From Punto del Este we drove into the interior for an hour or two, arriving at the city of Minas, population 38,000, where we spent the night at Hotel Plaza. The friendly clerk gave us a map and helped us pick out the most interesting things to see the next day. In town, we started with the Casa de Cultura which was the birth home of General Jose Artigas, the George Washington of Uruguay. It was filled with wonderful mementos, such as his accordion, guitars, flutes, and a pump organ (quite a musician), as well as ponchos, gaucho hats, and of course his cup and metal straw for yerba maté tea, which every Uruguayan drinks as they walk around town. The cathedral was locked, so we went onto the Museo de Comicos/Teatro, one of only 7 cartoon museums in the world. The collection of original cartoons, mostly political, is so impressive that the country of Uruguay featured several of them in a postage series. The city doesn't charge for theater productions. In each museum we had a private guide, who either politely refused or humbly accepted our tips. I still can't get over how nice and hospitable everyone is.
We walked back to our car, then drove out of town, stopping at a cemetery with beautiful silk flowers everywhere, then at the world's largest horse statue. Of course the man was Artigas, the George Washington of Uruguay. We couldn't find the name of the horse. From there we went to el Salto del Penitente, a 180 ft. waterfall which appeared large in the brochures, but this time of year it was a mere trickle. Still, I couldn't resist a cool dip while Andre and Gabriel discussed the water quality, or lack of, guessing from the film on top that women must be washing clothes upstream with detergent. Regardless, I survived. We tried to rescue an iguana from eating a scavenged plastic bag, but he ran off into the brush with his treasure. We were surprised to see zip lines across the deep gorge, but they're only open on the weekends. Supposedly lots of visitors trust the zip lines, but I wondered if I'd have the guts to do it even after watching others go first.
Though Minas is a relatively small town, they have their own television station, lots of libraries and bookstores, and the school children all carry musical instruments. In other words, we all agreed that Uruguay may be considered a poorer country, but the people are rich in culture and seem quite content with their lives. Gabriel guessed that Mexico's proximity to the U.S. causes his paisanos (country-mates) to feel more deprived and jealous of the material wealth of us Americans. The people in Uruguay, as long as they have maté and dulce de leche (a carmel sauce they put on everything), seem quite happy. Whenever you say "gracias" to anyone, they enthusiastically reply, "no,no, por favor" as if you're doing them the favor.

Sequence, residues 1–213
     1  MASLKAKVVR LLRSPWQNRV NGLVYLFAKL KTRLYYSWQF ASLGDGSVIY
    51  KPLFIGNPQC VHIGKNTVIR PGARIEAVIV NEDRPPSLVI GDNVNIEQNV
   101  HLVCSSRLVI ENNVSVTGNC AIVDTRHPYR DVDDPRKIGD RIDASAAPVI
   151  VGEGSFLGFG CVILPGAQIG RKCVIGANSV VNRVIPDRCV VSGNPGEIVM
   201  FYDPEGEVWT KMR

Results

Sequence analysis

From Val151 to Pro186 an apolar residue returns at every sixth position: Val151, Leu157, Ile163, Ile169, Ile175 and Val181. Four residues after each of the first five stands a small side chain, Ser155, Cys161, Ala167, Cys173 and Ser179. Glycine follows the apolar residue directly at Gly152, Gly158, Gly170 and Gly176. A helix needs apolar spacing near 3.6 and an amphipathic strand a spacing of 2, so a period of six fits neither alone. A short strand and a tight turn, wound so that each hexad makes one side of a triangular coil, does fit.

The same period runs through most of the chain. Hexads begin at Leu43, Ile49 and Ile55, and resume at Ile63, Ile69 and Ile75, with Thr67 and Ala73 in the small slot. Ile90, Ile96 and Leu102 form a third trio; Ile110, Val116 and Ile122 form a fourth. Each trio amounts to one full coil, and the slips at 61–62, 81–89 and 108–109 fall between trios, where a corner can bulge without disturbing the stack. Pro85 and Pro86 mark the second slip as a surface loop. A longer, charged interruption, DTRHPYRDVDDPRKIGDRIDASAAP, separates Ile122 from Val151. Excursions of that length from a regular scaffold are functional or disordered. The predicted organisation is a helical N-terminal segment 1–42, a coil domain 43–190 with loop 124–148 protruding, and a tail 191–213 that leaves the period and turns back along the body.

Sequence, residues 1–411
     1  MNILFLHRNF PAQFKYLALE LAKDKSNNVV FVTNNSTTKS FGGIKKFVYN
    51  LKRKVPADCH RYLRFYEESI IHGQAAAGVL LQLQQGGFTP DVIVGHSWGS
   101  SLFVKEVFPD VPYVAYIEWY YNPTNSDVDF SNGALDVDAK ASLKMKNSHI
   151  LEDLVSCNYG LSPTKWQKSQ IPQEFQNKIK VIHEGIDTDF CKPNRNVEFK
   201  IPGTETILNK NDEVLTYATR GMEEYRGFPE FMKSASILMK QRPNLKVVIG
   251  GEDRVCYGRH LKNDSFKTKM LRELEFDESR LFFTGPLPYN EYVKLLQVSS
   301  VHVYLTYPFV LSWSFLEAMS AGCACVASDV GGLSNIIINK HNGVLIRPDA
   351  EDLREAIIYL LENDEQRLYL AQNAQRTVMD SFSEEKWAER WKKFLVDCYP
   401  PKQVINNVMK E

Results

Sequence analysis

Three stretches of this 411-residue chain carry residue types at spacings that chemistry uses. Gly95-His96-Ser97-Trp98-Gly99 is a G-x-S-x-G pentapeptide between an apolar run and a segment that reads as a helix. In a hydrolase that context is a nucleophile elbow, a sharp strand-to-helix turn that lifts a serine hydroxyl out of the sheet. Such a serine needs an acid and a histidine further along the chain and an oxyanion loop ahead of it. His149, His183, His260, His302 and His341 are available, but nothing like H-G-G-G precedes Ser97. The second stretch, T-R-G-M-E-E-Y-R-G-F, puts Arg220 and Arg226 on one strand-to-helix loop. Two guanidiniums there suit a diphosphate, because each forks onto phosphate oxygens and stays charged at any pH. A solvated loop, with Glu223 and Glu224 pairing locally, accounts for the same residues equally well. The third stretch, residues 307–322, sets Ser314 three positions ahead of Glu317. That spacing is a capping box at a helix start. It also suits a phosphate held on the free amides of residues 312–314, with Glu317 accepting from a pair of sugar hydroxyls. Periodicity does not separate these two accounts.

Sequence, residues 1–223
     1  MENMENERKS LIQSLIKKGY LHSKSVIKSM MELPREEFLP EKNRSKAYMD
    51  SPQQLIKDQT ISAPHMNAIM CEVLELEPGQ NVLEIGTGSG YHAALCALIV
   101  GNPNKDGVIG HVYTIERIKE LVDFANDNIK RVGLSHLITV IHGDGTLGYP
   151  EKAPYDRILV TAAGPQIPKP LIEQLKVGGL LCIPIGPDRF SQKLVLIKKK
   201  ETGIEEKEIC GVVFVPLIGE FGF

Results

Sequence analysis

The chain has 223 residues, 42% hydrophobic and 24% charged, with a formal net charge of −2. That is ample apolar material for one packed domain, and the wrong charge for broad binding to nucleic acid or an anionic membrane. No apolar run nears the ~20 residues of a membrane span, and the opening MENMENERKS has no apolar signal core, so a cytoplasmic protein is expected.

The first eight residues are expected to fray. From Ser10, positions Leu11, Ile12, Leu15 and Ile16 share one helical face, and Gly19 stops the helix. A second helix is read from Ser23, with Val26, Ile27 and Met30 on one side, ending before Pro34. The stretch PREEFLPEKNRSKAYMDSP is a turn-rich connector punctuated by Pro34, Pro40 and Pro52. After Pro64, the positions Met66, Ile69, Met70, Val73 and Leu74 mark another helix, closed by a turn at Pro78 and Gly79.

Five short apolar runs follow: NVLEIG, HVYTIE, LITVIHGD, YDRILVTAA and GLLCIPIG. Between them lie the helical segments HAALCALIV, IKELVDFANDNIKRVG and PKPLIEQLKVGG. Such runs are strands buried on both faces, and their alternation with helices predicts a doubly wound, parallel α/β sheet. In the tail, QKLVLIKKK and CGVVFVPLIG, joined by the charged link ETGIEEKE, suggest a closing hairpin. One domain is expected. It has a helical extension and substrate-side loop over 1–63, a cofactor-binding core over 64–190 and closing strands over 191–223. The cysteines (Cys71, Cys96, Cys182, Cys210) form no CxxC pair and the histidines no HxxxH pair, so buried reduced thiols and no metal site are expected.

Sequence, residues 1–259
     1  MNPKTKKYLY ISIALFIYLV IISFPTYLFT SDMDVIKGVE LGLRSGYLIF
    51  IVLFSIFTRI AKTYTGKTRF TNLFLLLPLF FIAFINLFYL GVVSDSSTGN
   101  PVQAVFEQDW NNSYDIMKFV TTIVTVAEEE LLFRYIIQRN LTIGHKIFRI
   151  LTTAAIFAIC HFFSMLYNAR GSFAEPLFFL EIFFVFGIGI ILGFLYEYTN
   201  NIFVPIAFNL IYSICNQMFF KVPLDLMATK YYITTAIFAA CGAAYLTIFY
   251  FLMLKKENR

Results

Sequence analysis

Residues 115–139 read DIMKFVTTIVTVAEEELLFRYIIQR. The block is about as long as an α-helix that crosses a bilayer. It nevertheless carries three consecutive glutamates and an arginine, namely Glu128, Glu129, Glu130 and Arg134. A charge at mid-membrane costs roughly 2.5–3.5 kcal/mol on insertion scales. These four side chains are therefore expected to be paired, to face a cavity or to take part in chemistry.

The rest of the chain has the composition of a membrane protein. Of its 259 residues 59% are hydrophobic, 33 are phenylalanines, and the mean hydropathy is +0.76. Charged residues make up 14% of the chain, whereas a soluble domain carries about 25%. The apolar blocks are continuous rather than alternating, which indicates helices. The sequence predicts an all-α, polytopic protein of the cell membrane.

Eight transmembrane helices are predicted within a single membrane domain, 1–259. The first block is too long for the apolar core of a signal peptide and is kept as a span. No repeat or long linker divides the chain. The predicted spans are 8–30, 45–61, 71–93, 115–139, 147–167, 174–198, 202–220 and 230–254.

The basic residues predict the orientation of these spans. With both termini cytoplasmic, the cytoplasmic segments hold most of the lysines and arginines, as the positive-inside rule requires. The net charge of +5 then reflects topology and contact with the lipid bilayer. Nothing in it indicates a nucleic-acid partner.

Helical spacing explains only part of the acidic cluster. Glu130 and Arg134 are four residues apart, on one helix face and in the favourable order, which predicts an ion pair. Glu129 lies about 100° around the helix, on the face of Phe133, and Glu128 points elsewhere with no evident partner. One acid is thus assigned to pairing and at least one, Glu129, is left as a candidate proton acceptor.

If only they spoke English in Uruguay it would be the perfect place for Americans to retire: warm, cheap, friendly, modern, organized, comfortable, with no obvious racial tension or poverty. Andre and I were well received as a couple. Most Uruguayans may not have money for cars or gasoline (we paid $45 to fill the tank in our tiny Suzuki), but they seem healthy and fit as they walk, bike, or zip around on motorcycles and scooters. Buses and taxis well outnumber cars, and parking or traffic was never a problem. I looked at a real estate magazine and there's a really cute tudor-style 5-bedroom house plus servant's cottage, with barbecue and pool, just a block from scenic Playa Brava in Punto del Este for $220,000. That's the price of a 2-bedroom mobile home in Santa Cruz. Hmmmmm...
We enjoyed one last day in Montevideo, staying at Gabriel's apartment since his housemates were off to Iguazu Falls. In celebration of our successful road trip, Gabriel prepared us a Mexican feast of chicken fajitas, two kinds of homemade salsas, flour tortillas from the Mexican fast food place we discovered together, rice, mashed potatoes, avocados, salad, fresh-squeezed orange juice and Mexican hot chocolate.